The face of music in Africa is changing. Musicians are seeking alternative routes to the shoddy label of ‘world music’, and finding unprecedented levels of success in the process. There is a growing amount of independent artists who, through their ability to combine global influences with localised flavours, have figured out how to capture a wide-ranging legion of followers.
For this month’s post, I’ve mined some treasure to present the second edition of African musicians to look out for. We chart territory ranging from pop music in South Africa to post-Fela beats in Nigeria. I also got in touch with Brooklyn-based Ghanaian rapper Blitz the Ambassador whose free-to-download offering entitled The Warm Up was released on Tuesday.
Beatenberg – Chelsea Blakemore
Beatenberg comprises three South African lads whose latest single Chelsea Blakemore harvests from their backgrounds in jazz and electronic music to add to their growing catalogue of hauntingly evocative songs. These, in drummer Robin Brink’s words, are aimed at “everyone ready for a fresh South African pop sound.” The lyrics are playfully gutsy – or painfully ironic depending on how receives them. This particular song is named after vocalist/guirarist Matthew Field’s ex-girlfriend. “We’re all tight friends” asserts Brink. Ross Dorkins’ touch of bass adds to the song’s smoothness, making it a potential favourite at the country’s festivals during the upcoming summer. Their full length album will be released by Universal Records in 2014.
Zone Fam – Translate
Zone Fam is a Zambia-based rap group who has done well in penetrating the consciousness of audiences across the continent since their break-away hit Shaka Zulu on em hit airwaves two years ago. With a new single circulating and a new album in the works, it’s exciting times for the quartet comprising Dope G, Jay Rox, Yung Verbal and Thugga. They’ve been nominated for the African Entertainment Awards – a ceremony aimed at honouring “the rich culture of african [sic] art and entertainment” – under the best group category. Their sophomore album is due for release later on in the year. They follow up their party-centric Lobola with this subdued homage to body language.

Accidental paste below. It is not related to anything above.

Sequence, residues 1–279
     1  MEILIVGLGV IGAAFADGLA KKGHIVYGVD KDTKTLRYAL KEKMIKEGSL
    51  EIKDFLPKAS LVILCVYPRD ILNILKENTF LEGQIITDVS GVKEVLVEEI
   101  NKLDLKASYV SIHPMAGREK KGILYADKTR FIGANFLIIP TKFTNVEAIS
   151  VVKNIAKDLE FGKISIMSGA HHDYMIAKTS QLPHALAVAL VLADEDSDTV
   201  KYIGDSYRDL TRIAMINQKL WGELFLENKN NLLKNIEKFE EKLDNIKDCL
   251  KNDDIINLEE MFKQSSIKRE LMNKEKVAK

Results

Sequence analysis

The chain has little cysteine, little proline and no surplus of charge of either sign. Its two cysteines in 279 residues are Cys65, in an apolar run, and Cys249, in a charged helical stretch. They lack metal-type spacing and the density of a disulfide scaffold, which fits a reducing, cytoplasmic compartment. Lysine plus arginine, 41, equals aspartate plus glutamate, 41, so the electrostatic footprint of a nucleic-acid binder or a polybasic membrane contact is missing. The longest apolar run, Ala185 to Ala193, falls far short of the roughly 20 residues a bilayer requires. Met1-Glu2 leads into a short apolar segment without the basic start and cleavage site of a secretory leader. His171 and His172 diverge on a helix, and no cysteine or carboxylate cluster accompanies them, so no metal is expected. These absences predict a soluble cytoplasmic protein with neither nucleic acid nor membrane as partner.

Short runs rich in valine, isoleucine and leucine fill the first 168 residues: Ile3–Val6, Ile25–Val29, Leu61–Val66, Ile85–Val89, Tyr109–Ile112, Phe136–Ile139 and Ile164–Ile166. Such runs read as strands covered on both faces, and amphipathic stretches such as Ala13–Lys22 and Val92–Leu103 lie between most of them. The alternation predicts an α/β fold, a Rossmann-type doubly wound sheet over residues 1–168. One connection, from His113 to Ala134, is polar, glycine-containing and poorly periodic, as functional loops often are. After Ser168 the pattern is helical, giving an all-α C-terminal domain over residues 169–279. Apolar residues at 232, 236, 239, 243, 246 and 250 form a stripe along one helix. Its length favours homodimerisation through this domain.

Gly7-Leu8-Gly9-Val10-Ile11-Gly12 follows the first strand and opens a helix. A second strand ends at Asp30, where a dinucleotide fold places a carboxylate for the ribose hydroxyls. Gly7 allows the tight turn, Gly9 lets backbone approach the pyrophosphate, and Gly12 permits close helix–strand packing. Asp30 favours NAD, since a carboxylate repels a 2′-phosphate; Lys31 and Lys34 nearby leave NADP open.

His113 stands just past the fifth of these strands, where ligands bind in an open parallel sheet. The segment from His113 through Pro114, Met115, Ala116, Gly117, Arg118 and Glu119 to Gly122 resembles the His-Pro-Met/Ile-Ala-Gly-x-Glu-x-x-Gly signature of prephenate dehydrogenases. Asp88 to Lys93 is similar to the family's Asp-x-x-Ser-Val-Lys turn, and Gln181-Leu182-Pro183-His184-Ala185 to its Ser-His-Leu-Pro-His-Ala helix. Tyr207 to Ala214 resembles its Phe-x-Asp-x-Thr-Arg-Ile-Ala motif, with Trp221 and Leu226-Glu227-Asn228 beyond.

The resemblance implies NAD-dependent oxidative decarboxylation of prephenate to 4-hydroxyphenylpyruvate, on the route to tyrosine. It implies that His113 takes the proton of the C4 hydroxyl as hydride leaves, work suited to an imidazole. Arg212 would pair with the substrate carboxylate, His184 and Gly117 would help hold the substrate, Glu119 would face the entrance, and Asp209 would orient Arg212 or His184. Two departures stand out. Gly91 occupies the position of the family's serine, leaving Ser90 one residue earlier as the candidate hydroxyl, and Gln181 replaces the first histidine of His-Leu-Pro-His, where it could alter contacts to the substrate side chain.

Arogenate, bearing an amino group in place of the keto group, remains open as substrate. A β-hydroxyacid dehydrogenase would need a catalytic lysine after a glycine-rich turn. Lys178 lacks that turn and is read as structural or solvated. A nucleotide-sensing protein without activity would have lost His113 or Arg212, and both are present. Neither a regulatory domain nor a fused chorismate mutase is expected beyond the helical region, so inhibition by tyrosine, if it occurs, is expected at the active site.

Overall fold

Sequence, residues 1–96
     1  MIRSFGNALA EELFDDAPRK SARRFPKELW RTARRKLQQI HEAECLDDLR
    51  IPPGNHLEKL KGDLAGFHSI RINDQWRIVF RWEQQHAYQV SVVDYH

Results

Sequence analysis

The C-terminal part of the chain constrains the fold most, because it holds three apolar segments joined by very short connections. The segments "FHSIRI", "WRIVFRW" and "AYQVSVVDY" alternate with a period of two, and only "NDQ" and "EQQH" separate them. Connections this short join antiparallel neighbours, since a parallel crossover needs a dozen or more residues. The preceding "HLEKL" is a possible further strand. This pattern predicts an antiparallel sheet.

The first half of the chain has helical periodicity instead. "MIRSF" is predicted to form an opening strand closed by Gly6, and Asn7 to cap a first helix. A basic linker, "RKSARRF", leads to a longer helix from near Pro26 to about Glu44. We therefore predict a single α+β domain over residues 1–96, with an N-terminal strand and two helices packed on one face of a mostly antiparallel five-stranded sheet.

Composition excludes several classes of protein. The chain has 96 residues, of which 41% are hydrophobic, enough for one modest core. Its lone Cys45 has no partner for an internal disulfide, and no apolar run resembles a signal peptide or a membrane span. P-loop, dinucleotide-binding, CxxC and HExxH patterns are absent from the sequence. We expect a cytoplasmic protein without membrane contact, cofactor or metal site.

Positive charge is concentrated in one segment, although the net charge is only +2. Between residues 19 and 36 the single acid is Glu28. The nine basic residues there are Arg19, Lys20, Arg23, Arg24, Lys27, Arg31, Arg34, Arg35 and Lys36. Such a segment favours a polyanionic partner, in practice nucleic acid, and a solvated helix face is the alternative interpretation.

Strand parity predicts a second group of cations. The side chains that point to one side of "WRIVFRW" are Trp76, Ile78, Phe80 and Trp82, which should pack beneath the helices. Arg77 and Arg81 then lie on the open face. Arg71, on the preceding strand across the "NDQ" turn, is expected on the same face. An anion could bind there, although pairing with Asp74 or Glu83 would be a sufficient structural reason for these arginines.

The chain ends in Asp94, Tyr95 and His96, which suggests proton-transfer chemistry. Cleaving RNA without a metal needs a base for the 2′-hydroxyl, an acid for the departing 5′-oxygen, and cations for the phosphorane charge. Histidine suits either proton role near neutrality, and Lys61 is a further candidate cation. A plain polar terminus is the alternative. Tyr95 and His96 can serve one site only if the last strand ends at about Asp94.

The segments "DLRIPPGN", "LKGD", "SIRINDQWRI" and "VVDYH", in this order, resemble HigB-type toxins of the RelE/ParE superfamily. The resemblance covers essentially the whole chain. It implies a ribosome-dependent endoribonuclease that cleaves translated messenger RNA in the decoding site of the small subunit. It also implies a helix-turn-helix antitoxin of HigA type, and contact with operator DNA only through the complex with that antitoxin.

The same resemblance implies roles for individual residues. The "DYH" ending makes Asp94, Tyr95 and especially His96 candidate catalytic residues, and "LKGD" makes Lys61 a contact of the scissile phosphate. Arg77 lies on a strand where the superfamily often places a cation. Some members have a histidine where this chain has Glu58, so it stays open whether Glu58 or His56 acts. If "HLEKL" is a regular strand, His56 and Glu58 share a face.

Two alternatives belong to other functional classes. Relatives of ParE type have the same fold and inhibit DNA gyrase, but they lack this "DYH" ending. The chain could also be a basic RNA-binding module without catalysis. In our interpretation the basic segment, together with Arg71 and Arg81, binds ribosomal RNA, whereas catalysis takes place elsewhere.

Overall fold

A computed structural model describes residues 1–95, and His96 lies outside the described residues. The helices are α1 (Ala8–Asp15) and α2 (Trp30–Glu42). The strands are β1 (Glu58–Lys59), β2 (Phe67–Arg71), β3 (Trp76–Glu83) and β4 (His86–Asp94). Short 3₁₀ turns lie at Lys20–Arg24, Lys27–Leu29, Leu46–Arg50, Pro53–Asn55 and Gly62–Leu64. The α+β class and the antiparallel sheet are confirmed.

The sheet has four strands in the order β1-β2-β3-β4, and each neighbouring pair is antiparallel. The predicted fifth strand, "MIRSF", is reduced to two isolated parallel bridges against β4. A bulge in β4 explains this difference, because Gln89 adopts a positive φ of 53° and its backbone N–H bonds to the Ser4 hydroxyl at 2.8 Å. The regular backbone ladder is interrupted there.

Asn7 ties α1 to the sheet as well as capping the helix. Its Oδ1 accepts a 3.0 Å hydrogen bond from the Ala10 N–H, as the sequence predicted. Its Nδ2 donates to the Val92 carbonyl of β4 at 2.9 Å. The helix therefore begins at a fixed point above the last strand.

Burna Boy – Run My Race
The solid, gliding patterns of Afrobeats have ensured that Fela Kuti‘s legacy continues to exist in modern pop music. While bands elsewhere are taking the Afrobeat staple refined by Kuti, artists on the continent have resorted to panel-beating the danceable aspects of the genre into a new wave of sound referred to as Afrobeats, a sub-genre described by Olufemi Terry as “African pop about women, parties and success” in an article published by South Africa’s Rolling Stone magazine. Commenting on the Kuti/Afrobeats relationship, Terry pondered whether the legend would turn in his grave were he to hear the sound he was linked to this sound.
Burna Boy, the Nigerian-born artist who sang “They say I sound like a combination of Sizzla and Fela Kuti” on My Journey, has decided to embrace comparisons to the latter. He went to the Afrobeat legend’s shrine, the Kalakuta Republic, for the video of one of his latest works. Entitled Run My Race, the song is best experienced in sweaty clubs along West Africa, and increasingly across the continent.
Blitz the Ambassador
“From Tahrir Square to Madison Square the streets are crammed, Revolution will not be televised or Instagrammed,” raps American-based Ghanaian rapper Blitz the Ambassador. He set aside time to chat about how his song Bisa (What [are] you asking?) got made. The result is a fierce socio-political manifesto featuring UK-based rapper TY and Nigerian vocalist Nneka.
“There were only two collaborations that were done in person. One was Nneka. That literally happened accidentally I recorded with her [over the] Internet for the actual album, ” Blitz the Ambassador explained.
“We facilitated that through the internet, it’s a brilliant song! I got to Paris; she just happened to be in town as well and wanted to link up. So I told her I was working and she came through to hang and say hello. She heard Bisa; I’d just started crafting it, and she was like ‘This is amazing, I’d love to jump on.’ I said: ‘Take a shot.’ That’s how the song ended up being made.”